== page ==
Discounting is rife in the UK housing market as dampened demand forced vendors to slash their asking prices in November.
More than a third of all properties currently on sale in Britain have had their asking price lowered at least once since coming to the market.
This figure is up from 27pc in early 2014 and the highest proportion of discounting since August 2012.
A total of £3.8bn has been knocked off the original asking prices of properties currently on the market, the property portal Zoopla found.
However, the stamp duty reforms introduced by George Osborne at the beginning of December may give the market a boost, analysts at the website said.
Preston has the highest proportion of price reductions in the country, with over four in ten properties having had their asking price lowered since first coming to the market.
This is closely followed by the Yorkshire towns and cities of Barnsley, Wakefield and Rotherham.
However it is not just in the north of England where sellers are resetting their expectations.
The largest discounts currently are to be found in affluent Mitcham in south-west London where sellers have dropped prices by 9.2pc on average, equal to £55,606.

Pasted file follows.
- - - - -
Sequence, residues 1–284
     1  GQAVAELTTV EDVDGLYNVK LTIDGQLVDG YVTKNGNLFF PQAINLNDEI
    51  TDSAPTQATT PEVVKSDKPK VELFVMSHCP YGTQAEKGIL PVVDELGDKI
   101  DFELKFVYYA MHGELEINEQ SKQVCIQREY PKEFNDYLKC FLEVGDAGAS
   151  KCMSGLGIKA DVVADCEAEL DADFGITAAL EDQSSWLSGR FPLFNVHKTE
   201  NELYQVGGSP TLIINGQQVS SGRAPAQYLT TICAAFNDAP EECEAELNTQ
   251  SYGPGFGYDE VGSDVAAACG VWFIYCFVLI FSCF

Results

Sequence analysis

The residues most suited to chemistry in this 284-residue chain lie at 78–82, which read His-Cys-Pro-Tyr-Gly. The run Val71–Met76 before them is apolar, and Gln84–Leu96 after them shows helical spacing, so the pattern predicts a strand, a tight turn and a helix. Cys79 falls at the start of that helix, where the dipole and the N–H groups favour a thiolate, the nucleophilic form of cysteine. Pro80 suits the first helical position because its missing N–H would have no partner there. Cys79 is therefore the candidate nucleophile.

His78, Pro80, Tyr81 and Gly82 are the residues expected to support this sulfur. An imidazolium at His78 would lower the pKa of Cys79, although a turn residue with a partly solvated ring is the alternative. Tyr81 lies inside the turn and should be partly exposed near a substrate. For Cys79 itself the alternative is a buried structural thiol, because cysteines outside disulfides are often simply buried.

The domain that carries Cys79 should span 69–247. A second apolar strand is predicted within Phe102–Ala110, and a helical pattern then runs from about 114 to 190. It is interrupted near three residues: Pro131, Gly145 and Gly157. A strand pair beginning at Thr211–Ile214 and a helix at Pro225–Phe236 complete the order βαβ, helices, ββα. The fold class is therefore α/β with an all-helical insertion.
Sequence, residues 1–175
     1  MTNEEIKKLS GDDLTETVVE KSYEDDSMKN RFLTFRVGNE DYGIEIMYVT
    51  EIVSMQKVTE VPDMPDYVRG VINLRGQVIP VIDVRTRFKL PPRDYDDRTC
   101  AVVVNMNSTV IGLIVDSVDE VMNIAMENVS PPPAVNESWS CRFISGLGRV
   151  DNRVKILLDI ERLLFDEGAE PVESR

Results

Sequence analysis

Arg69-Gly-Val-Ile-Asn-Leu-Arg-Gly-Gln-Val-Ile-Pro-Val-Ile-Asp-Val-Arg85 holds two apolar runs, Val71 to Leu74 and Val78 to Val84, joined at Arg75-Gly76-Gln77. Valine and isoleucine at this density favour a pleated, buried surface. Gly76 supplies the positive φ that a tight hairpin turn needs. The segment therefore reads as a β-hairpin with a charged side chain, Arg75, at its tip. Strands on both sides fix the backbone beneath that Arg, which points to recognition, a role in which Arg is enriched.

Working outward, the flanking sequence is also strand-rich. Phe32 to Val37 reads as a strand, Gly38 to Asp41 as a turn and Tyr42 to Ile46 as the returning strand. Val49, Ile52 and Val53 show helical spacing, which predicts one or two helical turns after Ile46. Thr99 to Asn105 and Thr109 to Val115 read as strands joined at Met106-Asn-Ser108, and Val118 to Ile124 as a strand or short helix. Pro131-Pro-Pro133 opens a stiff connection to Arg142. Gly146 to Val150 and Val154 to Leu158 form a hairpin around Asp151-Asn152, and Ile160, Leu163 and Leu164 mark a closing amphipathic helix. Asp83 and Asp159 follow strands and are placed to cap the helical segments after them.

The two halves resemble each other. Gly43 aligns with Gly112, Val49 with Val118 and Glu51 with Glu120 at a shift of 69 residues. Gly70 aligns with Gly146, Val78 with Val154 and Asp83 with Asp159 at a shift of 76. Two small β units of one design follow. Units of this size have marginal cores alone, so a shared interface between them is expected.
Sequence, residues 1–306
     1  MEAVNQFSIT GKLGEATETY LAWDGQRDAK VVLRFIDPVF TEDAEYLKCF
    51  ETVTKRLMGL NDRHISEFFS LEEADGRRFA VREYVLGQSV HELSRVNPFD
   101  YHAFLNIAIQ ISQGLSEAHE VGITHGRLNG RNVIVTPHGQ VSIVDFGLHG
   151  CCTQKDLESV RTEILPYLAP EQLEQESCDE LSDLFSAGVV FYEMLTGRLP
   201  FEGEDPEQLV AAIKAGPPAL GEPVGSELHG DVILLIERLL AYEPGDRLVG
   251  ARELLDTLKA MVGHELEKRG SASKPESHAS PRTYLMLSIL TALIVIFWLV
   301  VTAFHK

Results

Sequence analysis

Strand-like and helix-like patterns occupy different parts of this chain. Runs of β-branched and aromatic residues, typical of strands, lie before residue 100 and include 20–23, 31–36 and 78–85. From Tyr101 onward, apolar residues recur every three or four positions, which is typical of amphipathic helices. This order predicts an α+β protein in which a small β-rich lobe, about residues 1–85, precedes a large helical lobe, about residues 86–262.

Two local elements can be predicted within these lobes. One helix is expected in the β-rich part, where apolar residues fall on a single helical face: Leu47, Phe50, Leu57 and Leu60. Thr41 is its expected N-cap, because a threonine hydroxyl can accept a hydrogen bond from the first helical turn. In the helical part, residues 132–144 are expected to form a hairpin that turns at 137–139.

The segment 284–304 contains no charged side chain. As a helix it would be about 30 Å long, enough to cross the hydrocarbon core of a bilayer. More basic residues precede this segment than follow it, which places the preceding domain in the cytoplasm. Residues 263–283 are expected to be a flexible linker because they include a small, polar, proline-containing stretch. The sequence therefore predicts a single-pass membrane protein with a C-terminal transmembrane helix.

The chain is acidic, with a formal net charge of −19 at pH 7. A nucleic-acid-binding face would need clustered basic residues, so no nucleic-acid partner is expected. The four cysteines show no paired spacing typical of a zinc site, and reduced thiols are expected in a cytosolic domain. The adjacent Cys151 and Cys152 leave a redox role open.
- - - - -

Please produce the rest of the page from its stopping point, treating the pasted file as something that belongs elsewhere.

Sellers in Edinburgh are the most confident of achieving their original asking prices, with only 22pc of properties for sale having their prices reduced, the lowest proportion across the country.
This is followed by London where only 29pc of homes have seen their asking prices lowered from the original price. However, this is almost double the proportion recorded in February 2014 when only 15pc saw their asking prices reduced.
“The property market typically slows in December as buyers postpone their plans until the New Year and become pre-occupied with the festive season, but these figures suggest that sellers may be being forced to rest their expectations and become more realistic in order to secure a buyer," said Lawrence Hall, analyst at Zoopla.
“However, the recent Stamp Duty reforms have injected a real feel-good factor into the property market that is likely to last into January when there will be a renewed surge in buyers looking for property. There would usually be an air of uncertainty in the lead up to an election, but the positivity created by the tax overhaul should ensure this isn’t as keenly felt as usual.”